Pluto is called a Kuiper Belt object by many astronomers. Brown himself has argued in the past for Pluto's demotion from planet status, because of its diminutive size and eccentric and inclined orbit.
But today he struck a different note.
"Pluto has been a planet for so long that the world is comfortable with that," Brown said in the teleconference. "It seems to me a logical extension that anything bigger than Pluto and farther out is a planet."
Offering additional justification, Brown said 2003 UB313 appears to be surfaced with methane ice, as is Pluto. That's not the case with other large Kuiper Belt objects, however.
"This object is in a class very much like Pluto," he said.
NASA effectively endorsed the idea in an official statement that referred to 2003 UB313 as the 10th planet.
Yet in recent years, a bevy of objects roughly half to three-fourths the size of Pluto have been found.
No definition for 'planet'
Brian Marsden, who runs the Minor Planet Center where data on objects like this are collected, says that if Pluto is a planet, then other round objects nearly as large as Pluto ought to be called planets. On that logic, 2003 UB313 would perhaps be a planet, but it would have to get in line behind a handful of others that were discovered previously.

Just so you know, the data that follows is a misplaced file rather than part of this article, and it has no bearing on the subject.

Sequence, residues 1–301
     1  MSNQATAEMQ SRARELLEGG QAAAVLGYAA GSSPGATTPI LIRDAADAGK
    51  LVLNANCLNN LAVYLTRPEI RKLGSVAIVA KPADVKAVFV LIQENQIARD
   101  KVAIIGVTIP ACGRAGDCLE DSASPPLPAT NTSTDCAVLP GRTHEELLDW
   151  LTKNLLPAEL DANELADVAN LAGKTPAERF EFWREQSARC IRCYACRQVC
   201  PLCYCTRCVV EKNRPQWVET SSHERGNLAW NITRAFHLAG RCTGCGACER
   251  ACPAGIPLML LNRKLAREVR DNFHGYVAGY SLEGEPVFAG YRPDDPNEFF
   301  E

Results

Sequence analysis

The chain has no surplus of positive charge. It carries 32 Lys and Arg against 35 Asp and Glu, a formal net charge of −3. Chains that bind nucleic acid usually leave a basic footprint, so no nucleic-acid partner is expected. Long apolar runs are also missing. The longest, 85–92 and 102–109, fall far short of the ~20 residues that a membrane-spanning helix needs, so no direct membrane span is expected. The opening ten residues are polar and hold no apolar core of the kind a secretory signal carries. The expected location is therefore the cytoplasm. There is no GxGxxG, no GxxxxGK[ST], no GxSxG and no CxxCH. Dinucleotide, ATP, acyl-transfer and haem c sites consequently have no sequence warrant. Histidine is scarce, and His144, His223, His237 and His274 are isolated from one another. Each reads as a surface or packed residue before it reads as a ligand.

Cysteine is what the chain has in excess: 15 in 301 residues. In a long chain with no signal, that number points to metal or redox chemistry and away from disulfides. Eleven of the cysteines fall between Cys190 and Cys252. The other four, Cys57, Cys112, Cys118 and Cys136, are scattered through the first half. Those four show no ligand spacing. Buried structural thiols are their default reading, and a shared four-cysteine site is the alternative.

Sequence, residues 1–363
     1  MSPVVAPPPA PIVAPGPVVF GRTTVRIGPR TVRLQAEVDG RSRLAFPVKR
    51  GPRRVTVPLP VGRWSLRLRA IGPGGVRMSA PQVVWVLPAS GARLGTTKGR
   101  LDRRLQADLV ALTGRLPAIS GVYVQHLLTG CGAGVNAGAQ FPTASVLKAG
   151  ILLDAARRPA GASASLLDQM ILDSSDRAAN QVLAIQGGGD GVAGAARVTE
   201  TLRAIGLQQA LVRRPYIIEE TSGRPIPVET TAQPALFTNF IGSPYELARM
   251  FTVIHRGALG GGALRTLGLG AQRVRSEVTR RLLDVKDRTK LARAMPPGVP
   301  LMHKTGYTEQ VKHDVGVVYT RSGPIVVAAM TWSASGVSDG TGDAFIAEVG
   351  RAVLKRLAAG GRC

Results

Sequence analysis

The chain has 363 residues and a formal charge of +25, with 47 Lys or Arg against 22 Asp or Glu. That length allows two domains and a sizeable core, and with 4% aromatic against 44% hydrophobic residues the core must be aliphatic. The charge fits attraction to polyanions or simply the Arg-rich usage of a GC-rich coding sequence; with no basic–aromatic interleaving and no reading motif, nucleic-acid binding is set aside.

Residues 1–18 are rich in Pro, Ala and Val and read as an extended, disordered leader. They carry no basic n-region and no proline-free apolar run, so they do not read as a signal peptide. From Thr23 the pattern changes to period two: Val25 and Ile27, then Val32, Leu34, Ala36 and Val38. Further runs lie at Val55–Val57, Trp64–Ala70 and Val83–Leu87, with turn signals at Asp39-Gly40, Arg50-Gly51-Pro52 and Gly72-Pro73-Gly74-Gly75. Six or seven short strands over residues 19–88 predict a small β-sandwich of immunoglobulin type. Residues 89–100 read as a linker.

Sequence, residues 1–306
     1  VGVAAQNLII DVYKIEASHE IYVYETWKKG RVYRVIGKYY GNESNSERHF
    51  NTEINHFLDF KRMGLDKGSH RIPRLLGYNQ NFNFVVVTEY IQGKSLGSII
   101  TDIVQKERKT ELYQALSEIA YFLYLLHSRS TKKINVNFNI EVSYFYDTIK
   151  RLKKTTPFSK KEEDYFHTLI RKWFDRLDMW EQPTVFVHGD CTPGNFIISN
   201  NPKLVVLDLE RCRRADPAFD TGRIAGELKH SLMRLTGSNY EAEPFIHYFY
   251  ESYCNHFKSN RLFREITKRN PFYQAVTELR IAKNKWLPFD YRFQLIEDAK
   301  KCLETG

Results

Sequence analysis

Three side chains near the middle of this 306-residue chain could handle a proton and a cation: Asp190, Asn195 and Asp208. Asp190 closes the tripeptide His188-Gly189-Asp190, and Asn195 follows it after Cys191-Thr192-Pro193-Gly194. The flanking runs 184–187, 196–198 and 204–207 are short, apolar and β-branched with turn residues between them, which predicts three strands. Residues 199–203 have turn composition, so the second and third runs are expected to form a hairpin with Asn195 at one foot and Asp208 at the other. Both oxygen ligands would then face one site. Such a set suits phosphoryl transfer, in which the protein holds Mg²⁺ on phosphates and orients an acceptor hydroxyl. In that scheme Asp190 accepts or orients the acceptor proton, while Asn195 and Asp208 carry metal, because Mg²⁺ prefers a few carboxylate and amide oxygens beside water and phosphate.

"I would not call it the 10th planet," Marsden told SPACE.com.
Alan Boss, a planet-formation theorist at the Carnegie Institution of Washington, called the discovery "a major step." But Boss would not call it a planet at all. Instead, he said Pluto and other small objects beyond Neptune should be called, at best, "Kuiper Belt planets."
"To just call them planets does an injustice to the big guys in the solar system," Boss said in a telephone interview.
The very definition of what constitutes a planet is currently being debated by Boss and others in a working group of the International Astronomical Union. Boss said the group has not reached consensus after six months of discussion.
The debate actually stretches back more than five years and is rooted in the fact that astronomers have never had a definition for the word "planet," because the nine we knew seemed obvious.
"This discovery will likely re-ignite a healthy debate about what is and what is not a planet," Boss said.
Next up: Mars-sized objects?
Alan Stern, of the Southwest Research Institute and leader of NASA's New Horizons mission to Pluto, predicted in the early 1990s that there would be 1,000 Plutos out there. He has also contended, based on computer modeling, that there should be Mars-sized worlds hidden in the far corners of our solar system and even possibly other worlds as large as Earth.
In a telephone interview after Friday's announcement, Stern, who was not involved in the discovery, said he stands by those predictions and expects Mars-sized objects to be found within decades.